Jump to content

"s.c. Taylor" English For Restoration


Recommended Posts

A couple of years ago, in this Topic, we discussed this instrument and possibilities of who actually made it. I had intended at some point to restore it, and then either play it or sell it to someone who would.


Unfortunately, I still don't have access to a workshop, but I now find myself in somewhat urgent need of cash. So I'm hoping that someone will make me a reasonable offer for it now and do the restoration themselves. I think it would make a fine restore-and-resell instrument for an experienced restorer (you know who you are :)).


I haven't updated the above web page since the earlier discussion, but I do have a few more details that I'll try to post tomorrow. (Can't do it now, because I need to leave in a minute for a shipboard concert.) And of course, I'll be happy to answer any questions (as well as receive offers) via PM or email.


.............. Jim

Link to comment
Share on other sites

...this instrument...


I haven't updated the above web page since the earlier discussion, but I do have a few more details that I'll try to post tomorrow.

Well, it's a few days past "tomorrow" (ah, the things that intervene), but here are some more details:


Special features:

Baffles (spruce or pine?).

Nickel (I believe) reeds.

The unusual slotted-post-and-rod construction of the action seems to be both quick and durable.

The little washers under the heads of the end bolts are a characteristic detail, albeit a minor one, which prevents damage to the wood around the bolts.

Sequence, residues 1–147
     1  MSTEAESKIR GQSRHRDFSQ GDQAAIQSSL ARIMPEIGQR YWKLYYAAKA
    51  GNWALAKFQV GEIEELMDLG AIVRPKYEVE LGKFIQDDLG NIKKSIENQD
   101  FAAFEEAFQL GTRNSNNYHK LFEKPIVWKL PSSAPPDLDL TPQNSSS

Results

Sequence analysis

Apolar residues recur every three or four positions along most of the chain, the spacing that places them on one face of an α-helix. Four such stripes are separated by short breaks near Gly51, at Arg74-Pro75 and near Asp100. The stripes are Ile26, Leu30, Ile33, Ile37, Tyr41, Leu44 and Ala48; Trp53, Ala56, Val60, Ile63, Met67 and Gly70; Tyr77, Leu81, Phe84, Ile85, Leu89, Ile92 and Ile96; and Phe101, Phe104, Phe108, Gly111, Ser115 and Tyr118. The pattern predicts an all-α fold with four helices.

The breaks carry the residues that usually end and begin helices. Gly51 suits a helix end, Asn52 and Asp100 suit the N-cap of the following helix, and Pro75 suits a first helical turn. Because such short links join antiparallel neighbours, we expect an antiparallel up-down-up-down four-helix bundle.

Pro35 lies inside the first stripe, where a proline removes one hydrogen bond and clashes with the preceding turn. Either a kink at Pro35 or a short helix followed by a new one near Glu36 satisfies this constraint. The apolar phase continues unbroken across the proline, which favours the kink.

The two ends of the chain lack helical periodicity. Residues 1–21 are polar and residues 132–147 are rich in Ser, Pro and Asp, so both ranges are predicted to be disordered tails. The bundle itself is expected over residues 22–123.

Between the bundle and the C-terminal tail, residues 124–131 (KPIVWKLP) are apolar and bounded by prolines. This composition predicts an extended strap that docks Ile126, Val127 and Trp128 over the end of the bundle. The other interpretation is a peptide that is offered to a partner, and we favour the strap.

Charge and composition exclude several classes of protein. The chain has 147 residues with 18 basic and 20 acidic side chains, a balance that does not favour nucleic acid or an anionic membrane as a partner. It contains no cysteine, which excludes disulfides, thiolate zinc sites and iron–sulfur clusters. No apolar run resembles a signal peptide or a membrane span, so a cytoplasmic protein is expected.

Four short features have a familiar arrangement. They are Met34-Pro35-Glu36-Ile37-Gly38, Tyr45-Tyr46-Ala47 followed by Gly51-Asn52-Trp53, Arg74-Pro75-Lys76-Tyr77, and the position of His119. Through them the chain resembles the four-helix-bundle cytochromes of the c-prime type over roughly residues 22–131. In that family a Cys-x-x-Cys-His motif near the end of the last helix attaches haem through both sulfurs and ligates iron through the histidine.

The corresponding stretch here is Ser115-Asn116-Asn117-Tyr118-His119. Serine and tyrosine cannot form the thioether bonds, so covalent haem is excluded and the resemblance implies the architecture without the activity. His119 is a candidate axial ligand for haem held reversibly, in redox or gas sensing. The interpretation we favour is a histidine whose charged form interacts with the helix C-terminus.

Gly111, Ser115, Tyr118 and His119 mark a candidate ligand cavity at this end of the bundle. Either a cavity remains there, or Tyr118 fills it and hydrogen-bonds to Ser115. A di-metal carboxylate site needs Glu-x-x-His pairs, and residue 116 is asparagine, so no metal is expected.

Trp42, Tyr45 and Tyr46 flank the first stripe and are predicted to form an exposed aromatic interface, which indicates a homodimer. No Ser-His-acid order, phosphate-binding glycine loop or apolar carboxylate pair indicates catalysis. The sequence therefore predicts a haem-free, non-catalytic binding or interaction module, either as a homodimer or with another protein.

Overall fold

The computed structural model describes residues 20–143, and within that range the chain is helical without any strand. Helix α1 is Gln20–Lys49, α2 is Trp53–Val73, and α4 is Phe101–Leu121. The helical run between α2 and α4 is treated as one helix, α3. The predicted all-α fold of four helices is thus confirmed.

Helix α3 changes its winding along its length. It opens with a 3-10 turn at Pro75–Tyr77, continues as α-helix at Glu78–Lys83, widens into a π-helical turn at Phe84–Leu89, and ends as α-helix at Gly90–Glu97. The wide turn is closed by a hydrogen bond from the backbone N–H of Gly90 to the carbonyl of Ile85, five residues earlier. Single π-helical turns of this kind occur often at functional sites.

I believe the original reeds are
. There seem to be 11-12 replacement reeds. 7 are brass and 4 are steel. The 12th? One reed seems to be of a slightly different, more "steely" color than the ones I believe are nickel, but it's non-magnetic. An original reed where something affected the finish or a trick of lighting makes it appear different? Or is it maybe some other alloy (e.g., nickel silver)? I don't know, but it seems to be good quality.


Four of the reeds will need to be replaced. Three have gone seriously flat, and I believe they are cracked. The fourth sounds badly and might also be cracked, but it's one of the replacement steel reeds and looks as if it was crudely made or mishandled in some previous tuning attempt. I think it would be easier to replace than to fix, even if it's not cracked. The others are all sounding well and at some point the instrument was tuned to A440. It should now need only slight adjustment, on the order of what would be needed after replacing valves and pads.


I have discovered a tiny hole in one bottom corner. It should be easily patched. (I could include a bit of dark green title skiver. It's darker than the bellows, but to cover a tiny patch on the underside of the bellows, it should be fairly inconspicuous.) Aside from that, the bellows appear to be in beautiful condition, with no obvious wear and very clean inside and out, as can be seen in the large photos.


"Drawbacks"? Four folds, though I never found that a problem with an instrument that is otherwise tight. And they are presumably about 150 years old, so might not survive an additional 150 years of hard use.